RoboCop: Prime Directives

  • Directed by Julian Grant
  • Written by Brad Abraham and Joseph O’Brien
  • Fireworks Entertainment and MGM Television
  • January 4 to January 25, 2001
  • Space (Canada) / Sci Fi Channel (United States)


  • Officer Alex Murphy / RoboCop-Page Fletcher
  • Commander John T. Cable / RoboCable-Maurice Dean Wint
  • OCP Executive Sara Cable-Maria Del Mar
  • OCP Executive James Murphy-Anthony Lemke
  • Ann R. Key-Leslie Hope
  • David Kaydick-Geraint Wyn Davies
  • OCP Executive Damian Lowe-Kevin Jubinville
  • Chuck Conflagration-Anthony J. Mifsud
  • Carver RH-Eugene Clark
  • Abby Normal-Marni Thompson
  • Albert Bixler / Bone Machine-Richard Fitzpatrick
  • Lexx Icon-Françoise Yip

RoboCop has been online for several years and is starting to feel his age and must deal with his now grown son who is an OCP executive as well as the return of his former partner.

I did not expect too much going into this one. It was a poorly advertised, low budget four-part miniseries from 2001. I did not even know it existed until I was doing some reading on RoboCop online and they briefly mentioned this. How good could something that was treated as disposable and forgettable from the start be?

Discovering RoboCop: Prime Directives on YouTube I decided to give it a look figuring I had nothing to lose by viewing it for free. I was pleasantly surprised by a few things from this miniseries. It did not look spectacular nor was it particularly groundbreaking, but it did have a feel similar to the original RoboCop. Director Julian Grant attempted to go back to some of the trademarks that made the original film so special. It tried to be darkly satirical and violent (as much as a TV miniseries at the time could be at least).

The TV rights were set to expire and Fireworks Entertainment wanted to make this before they did. And it definitely shows at points. The continuity of this is set after the original film but does not include the two sequels or the 1994 television series or even the two animated shows. I only watched one of those.

One major area they went wrong in here was in the low production values. I understand this was a time before CGI which allowed for any number of things to show up on screen with a few strokes of a keyboard. However, the shots were tight and there was not much in the background. The bare minimum was done to establish whatever they needed to establish. The story is set in Delta City which is supposed to be a city of tomorrow. Even if this were a real thing and plans did not work out as OCP envisioned, the environment should look special. Instead the characters look like they are zipping around any other urban area of the time in which this was made. There are a few locations in Canada that have a futuristic/otherworldly vibe (see Stargate SG1) that they could have used.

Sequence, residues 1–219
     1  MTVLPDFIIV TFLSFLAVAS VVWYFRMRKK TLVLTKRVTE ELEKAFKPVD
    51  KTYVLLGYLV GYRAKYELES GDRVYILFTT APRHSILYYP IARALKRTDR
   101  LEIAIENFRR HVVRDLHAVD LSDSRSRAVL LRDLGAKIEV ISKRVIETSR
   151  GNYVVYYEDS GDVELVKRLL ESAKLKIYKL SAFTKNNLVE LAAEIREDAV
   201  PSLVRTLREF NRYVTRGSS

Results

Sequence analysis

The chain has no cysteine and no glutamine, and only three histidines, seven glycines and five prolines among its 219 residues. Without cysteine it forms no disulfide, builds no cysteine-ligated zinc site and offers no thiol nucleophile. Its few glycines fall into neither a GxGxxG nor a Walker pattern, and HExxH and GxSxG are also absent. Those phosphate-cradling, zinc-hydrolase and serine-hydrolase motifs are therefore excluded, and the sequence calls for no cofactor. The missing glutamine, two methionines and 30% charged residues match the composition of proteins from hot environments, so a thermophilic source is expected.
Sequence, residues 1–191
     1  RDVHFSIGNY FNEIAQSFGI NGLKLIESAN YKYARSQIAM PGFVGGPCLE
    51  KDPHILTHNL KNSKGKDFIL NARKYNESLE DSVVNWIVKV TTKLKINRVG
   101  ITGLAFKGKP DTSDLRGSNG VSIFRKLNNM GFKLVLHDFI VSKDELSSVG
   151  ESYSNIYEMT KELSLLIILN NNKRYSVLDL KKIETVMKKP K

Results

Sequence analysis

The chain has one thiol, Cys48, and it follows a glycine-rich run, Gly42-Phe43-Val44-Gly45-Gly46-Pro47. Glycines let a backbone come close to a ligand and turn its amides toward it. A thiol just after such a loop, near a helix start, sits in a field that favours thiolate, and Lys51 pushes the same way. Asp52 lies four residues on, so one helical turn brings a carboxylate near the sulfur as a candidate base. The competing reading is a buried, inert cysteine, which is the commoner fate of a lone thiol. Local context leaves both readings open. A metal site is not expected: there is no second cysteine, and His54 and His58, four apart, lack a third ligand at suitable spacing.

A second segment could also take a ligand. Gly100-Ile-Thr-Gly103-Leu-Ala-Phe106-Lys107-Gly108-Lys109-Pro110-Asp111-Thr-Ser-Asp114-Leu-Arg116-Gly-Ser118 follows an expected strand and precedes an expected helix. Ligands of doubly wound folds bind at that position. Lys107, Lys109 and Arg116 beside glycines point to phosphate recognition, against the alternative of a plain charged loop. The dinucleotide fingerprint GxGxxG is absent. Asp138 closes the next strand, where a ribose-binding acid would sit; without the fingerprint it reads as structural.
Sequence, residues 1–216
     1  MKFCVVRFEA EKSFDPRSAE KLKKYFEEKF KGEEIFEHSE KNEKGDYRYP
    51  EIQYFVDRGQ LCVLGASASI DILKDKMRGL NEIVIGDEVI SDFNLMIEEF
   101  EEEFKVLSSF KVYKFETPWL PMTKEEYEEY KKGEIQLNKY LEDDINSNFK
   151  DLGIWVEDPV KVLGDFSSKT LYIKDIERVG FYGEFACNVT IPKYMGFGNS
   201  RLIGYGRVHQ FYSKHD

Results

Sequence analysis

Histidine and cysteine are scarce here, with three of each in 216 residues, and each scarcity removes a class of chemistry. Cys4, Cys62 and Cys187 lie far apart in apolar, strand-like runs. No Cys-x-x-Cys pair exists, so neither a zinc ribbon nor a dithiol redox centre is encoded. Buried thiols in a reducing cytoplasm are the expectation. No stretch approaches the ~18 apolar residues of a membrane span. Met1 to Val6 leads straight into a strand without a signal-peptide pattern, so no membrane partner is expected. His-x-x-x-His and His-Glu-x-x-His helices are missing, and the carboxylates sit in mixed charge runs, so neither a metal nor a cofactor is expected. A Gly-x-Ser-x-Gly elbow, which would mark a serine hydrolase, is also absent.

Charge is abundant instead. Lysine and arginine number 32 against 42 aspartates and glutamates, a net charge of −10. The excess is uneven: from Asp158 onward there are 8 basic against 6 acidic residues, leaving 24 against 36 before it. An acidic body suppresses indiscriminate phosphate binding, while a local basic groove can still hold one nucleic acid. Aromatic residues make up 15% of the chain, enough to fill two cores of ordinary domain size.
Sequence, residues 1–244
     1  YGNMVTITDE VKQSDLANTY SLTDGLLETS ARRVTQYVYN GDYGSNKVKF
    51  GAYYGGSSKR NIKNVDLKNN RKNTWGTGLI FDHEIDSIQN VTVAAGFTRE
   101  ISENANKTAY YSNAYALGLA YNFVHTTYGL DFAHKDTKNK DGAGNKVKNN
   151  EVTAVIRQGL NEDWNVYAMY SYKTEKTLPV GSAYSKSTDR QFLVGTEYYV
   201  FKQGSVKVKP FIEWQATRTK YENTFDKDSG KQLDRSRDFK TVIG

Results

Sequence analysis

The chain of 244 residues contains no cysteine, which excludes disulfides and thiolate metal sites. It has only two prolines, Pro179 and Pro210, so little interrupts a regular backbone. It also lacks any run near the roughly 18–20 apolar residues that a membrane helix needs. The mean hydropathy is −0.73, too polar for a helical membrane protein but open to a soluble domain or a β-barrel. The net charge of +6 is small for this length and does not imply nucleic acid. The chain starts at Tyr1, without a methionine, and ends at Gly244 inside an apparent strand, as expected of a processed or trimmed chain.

This miniseries reuses footage from the TV series which it is not connected to. Shots of vehicles moving around and even one brief moment when RoboCop’s foot hits the ground come from the show. They did not have permission to use movie footage here but since they did have access to series footage, they reused a movie shot from the show that they tinted blue. Even the train wreck that was/is MGM wanted nothing to do with this. Ouch!

The acting was mediocre more often than not. The actors were either flat or performed in an over-the-top fashion that did not mesh with others in the scene. Most involved were/are known mostly in Canada (I guess) but I dare say are virtually unknown beyond those borders other than Geraint Wyn Davies of Forever Knight fame (BTW great show!). He was the closest to a big-name actor in this miniseries and that is not saying much. Do not get me wrong. He is a fine actor but if that is the biggest name you have in your cast of your major miniseries you do not have any real big names.

RoboCop: Prime Directives was divided up into four movies much like they used to do with miniseries back in the day. I give them credit for doing that rather than do what is essentially a two-part movie. It is made up of four feature-length episodes: Dark Justice, Meltdown, Resurrection, and Crash and Burn. All four episodes are reportedly available on DVD and three of the four are free on YouTube with one (Meltdown) needing to be rented.

Much like the original film RoboCop: Prime Directives had some deeper themes. RoboCop (Page Fletcher) could be viewed as experiencing his equivalent of a midlife crisis. He is an older machine now. Some of this replacement parts are harder to come by if they are even manufactured at all. Once a celebrity, the public and fellow officers treat him as nothing special anymore. He does not draw attention like he once did, and his section of the police station is quiet and virtually abandoned. He feels old and alone.

RoboCop also has to contend with the presence of his son James (Anthony Lemke who might be known beyond Canada too from Dark Matter) who is now a young executive in OCP who holds no great love for his father and in fact when he learns the truth of who RoboCop is remains more than willing to off his father as part of the plot he is involved with.

Missing from this miniseries, with its alternate continuity, is the character of Officer Anne Lewis. Lewis was a significant aspect of the first film and was the first to see RoboCop as Murphy. I am not declaring that she must be a significant character, but she deserves a brief mention at the least. She does not even get an implied reference.